TUESDAY, Dec. 13 (HealthDay News) -- More than two thirds of the venous thromboembolism (VTE) complications in cancer patients occur in those undergoing outpatient cancer treatment, according to a study being presented at the annual meeting of the American Society of Hematology, held from Dec. 10 to 13 in San Diego.
Alok Khorana, M.D., from the University of Rochester Medical Center in New York, and colleagues investigated the incidence of VTE in 17,784 cancer patients undergoing chemotherapy. In this retrospective observational study, inpatient and outpatient data were collected from 2005 to 2009 from health care claims databases.
The investigators found that VTE developed in 5.6 percent of the patients. Of the patients who suffered from VTE, the majority (78.3 percent) were being treated on an outpatient basis, and 21 percent had recently been hospitalized. For patients with VTE, the cost of care was twice as high as for patients without VTE.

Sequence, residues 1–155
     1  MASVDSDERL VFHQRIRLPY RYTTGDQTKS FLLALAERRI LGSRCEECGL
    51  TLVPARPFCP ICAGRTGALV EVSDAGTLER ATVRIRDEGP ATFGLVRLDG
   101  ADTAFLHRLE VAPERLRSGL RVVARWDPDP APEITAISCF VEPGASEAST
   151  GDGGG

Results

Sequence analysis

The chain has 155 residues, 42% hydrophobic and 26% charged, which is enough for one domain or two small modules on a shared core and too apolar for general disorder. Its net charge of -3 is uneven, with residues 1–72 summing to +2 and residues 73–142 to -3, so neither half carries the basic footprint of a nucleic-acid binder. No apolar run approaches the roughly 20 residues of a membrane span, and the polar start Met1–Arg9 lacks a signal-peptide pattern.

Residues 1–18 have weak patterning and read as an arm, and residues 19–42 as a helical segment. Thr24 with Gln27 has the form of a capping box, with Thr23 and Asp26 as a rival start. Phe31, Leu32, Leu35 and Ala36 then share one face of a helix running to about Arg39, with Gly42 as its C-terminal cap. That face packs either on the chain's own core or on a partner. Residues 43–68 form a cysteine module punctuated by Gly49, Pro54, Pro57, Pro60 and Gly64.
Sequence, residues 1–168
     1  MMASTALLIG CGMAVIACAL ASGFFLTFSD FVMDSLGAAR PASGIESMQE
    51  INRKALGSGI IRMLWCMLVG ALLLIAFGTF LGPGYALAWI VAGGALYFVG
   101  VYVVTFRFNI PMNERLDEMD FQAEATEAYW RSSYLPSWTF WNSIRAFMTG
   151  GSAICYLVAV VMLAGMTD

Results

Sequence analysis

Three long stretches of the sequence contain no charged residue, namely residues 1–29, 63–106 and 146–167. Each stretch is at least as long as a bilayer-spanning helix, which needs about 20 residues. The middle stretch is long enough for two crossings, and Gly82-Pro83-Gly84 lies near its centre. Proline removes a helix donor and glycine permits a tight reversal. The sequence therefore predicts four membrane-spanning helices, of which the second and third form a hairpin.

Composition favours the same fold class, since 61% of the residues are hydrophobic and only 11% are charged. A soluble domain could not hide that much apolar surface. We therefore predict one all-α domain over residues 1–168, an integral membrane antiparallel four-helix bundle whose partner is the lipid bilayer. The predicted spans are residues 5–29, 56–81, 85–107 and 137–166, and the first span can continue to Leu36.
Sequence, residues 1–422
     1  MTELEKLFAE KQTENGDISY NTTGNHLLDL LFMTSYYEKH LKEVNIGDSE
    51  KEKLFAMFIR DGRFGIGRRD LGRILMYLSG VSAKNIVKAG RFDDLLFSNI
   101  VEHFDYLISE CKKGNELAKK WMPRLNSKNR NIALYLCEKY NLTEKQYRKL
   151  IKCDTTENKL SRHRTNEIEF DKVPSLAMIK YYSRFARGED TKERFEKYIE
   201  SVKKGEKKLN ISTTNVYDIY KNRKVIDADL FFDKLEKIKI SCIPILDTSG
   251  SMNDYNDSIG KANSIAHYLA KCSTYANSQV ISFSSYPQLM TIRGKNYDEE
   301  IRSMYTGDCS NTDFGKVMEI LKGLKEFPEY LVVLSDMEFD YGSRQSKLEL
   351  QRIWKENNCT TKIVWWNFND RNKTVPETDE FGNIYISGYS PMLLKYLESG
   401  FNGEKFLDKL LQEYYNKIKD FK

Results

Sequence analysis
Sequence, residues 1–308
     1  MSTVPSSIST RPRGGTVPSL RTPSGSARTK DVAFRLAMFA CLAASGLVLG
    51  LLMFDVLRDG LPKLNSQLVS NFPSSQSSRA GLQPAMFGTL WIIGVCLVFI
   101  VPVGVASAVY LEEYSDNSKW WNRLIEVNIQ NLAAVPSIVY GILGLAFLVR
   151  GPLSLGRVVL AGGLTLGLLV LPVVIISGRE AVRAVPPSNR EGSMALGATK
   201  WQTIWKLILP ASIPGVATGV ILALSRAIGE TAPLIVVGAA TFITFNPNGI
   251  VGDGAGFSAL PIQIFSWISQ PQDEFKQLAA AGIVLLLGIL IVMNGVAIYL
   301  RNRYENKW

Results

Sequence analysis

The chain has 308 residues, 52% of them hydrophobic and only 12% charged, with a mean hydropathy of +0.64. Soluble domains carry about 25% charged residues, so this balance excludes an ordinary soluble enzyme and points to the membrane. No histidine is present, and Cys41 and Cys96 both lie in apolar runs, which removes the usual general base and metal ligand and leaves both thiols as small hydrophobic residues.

"The Surgeon General recently issued a Call to Action to reduce VTE. At this point, public health efforts have focused on inpatient prophylaxis. These new data suggest that to reduce the burden of VTE in cancer patients, prevention efforts will have to shift to the outpatient arena as well," Khorana said in a statement.
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